probemixes P034 DMD-1 and P035 DMD-2 are an in vitro diagnostic (IVD)1
or research use only (RUO) assay for the detection of exon deletions or duplications in the human DMD gene as a cause for Duchenne muscular dystrophy and/or Becker muscular dystrophy and for carrier screening thereof. This assay can be used with human DNA derived from peripheral blood, (un)cultured amniotic fluid obtained in week 16 of the pregnancy or later and free from blood contamination, (un)cultured chorionic villi free from maternal contamination, or fetal blood.
In the majority of patients, most defects in the DMD gene are copy number variations (CNVs), but point mutations can occur which will not be detected by MLPA. It is therefore recommended to use these SALSA MLPA probemixes in combination with sequence analysis. Copy number changes detected by only a single probe always require validation by another method. These probemixes are not intended to be used as standalone assays for clinical decisions. The results of this test should be interpreted by a clinical molecular geneticist or equivalent.
Please note that this probemix is for In Vitro Diagnostic use (IVD) in the countries specified at the end of this product description. In all other countries, the product is for Research Use Only (RUO).
Germline defects in the DMD gene are the most frequent cause of Duchenne muscular dystrophy (DMD) and Becker muscular dystrophy (BMD). Since both DMD and BMD are inherited in an X-linked recessive manner, it occurs almost exclusively in males. DMD usually has an early onset in childhood with delayed milestones, which include delays in sitting and standing independently. Proximal weakness causes a waddling gait and difficulty in climbing. DMD is rapidly progressive, with affected children being wheelchair dependent by the age of 13. Respiratory complications and cardiomyopathy occur in individuals with DMD after the age of 18 and a few survive beyond the third decade of life. In contrast, BMD has a slower rate of progression and patients on average survive until their mid-40s. More information on both conditions is available at http://www.ncbi.nlm.nih.gov/books/NBK1119/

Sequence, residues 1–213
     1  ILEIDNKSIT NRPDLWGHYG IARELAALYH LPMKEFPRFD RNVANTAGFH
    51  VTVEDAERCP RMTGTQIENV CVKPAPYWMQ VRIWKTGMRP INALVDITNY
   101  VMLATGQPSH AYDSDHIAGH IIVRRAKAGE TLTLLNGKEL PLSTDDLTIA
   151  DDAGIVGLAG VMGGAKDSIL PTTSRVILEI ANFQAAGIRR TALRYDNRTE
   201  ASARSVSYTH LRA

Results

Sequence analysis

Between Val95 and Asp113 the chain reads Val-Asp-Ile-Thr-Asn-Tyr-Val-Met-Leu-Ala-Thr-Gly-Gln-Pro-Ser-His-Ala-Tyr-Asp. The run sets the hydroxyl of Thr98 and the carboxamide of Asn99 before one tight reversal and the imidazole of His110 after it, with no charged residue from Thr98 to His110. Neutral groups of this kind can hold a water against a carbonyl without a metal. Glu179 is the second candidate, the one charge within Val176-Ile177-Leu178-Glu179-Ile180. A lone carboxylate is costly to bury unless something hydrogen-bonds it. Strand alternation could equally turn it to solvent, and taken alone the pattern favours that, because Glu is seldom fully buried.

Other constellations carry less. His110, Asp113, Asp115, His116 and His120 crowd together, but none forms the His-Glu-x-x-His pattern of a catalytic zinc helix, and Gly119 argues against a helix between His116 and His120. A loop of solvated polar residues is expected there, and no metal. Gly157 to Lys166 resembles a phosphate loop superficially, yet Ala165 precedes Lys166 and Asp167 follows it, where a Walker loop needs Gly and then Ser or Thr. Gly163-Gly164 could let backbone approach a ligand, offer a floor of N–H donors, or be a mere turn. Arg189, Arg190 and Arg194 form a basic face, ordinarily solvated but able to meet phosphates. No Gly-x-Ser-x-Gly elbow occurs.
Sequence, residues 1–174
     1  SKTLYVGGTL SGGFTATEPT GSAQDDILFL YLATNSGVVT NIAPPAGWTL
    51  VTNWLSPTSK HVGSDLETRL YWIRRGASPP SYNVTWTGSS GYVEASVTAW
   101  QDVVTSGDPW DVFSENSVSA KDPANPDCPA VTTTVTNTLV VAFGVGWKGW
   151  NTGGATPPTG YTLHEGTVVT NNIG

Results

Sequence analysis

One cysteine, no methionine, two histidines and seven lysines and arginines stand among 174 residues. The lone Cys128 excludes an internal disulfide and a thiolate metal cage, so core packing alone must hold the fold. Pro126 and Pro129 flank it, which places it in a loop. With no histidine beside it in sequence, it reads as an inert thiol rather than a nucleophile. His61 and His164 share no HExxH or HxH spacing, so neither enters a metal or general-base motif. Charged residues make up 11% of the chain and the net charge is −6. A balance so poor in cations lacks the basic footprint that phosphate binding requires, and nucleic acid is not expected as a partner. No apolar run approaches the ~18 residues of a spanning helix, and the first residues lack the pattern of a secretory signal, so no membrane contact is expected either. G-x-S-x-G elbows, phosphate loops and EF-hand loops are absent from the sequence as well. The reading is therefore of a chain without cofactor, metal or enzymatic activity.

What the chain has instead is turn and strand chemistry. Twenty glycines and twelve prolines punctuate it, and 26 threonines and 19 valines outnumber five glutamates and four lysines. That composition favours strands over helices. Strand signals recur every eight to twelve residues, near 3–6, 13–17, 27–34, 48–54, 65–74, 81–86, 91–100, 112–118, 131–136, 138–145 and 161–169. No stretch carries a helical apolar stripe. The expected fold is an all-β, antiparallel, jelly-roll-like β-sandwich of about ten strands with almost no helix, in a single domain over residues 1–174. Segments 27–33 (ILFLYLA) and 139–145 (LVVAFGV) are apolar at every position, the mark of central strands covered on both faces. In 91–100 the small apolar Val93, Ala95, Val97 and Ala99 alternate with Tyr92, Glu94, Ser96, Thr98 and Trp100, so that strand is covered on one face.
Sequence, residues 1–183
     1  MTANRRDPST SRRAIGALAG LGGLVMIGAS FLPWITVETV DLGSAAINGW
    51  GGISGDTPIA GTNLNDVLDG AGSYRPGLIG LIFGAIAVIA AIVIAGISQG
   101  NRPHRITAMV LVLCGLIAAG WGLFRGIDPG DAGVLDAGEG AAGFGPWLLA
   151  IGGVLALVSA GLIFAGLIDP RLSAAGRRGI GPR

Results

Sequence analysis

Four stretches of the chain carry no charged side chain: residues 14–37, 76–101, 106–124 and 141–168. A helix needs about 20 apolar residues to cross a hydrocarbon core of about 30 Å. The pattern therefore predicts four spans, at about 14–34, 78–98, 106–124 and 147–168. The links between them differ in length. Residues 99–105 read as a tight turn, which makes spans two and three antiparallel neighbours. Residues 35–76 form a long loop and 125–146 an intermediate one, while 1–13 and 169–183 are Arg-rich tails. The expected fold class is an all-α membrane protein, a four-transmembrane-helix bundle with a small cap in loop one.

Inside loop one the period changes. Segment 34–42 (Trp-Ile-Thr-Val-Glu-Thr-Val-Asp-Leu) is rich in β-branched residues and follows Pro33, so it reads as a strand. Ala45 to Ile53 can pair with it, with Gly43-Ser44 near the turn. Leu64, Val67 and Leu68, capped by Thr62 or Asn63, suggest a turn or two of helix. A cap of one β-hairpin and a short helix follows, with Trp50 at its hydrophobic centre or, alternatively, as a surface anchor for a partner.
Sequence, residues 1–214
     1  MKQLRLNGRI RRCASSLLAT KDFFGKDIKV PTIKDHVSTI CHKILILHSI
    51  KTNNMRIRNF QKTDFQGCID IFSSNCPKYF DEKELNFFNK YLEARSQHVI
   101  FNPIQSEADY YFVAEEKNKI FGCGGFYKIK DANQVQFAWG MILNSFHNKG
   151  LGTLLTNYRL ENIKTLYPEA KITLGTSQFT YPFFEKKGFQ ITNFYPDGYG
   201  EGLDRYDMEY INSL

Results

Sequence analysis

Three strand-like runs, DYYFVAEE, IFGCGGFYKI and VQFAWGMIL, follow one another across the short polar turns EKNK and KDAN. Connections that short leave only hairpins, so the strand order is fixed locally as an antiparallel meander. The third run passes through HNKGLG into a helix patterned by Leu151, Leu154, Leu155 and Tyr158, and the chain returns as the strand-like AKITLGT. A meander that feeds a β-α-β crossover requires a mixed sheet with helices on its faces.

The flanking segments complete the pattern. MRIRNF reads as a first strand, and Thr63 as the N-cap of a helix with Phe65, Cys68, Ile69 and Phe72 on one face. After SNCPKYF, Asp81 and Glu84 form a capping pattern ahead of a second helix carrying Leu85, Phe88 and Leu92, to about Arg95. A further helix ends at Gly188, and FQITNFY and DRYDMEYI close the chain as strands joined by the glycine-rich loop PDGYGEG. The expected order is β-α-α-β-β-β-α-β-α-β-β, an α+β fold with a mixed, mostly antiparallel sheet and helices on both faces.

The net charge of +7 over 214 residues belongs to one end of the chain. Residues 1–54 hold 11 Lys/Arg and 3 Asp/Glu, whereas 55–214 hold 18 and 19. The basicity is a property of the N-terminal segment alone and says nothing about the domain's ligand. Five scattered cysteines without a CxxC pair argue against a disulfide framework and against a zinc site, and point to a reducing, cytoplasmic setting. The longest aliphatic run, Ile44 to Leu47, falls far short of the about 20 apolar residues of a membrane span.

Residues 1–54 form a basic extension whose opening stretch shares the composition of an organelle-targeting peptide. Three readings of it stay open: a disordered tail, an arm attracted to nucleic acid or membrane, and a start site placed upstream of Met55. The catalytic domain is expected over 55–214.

Deletions and duplications of complete exons in the DMD gene are the most frequent cause of disease and are usually missed by standard sequence analysis. Most of these deletions and duplications can be detected by the MLPA technique and hence MLPA complements sequence analysis of the DMD gene. The frequency of deletions/duplications in the DMD gene in DMD/BMD patients has been estimated as 60-70% for deletions and 5-10% for duplications (http://www.ncbi.nlm.nih.gov/books/NBK1119/
). Best practice guidelines on molecular diagnostics in Duchenne/Becker muscular dystrophies have been published by Abbs S. et al (2010).
P034-B2 and P035-B1 DMD probemix content:
The P034 and P035 probemixes contain together one probe for each of the exons of the DMD gene (79 exons) on the Xp21.2 chromosome. In addition, one probe is present in P035-B1 for the alternative exon 1 found in the transcript variant Dp427c of DMD. Performing two MLPA reactions is thus sufficient to investigate the copy number of all exons.
The P034-B2 probemix contains 49 MLPA probes with amplification products between 130 and 500 nt in length including nine reference probes. The P035-B1 probemix contains 48 MLPA probes with amplification products between 130 and 500 nt in length, eight of which are reference probes. The identity of the genes detected by the reference probes is available online (www.mlpa.com
Each of these probemixes contains nine quality control fragments generating amplification products between 64 and 105 nt: four DNA Quantity Fragments (Q-fragments), three DNA Denaturation Fragments (D-fragments), and one chromosome X and one chromosome Y-specific fragment (Table 1). The Q-fragments are only visible when less than 100 ng sample DNA is used. Low signal of the 88 or 96 nt fragment indicates incomplete DNA denaturation. More information on how to interpret observations on these control fragments can be found in the MLPA General Protocol.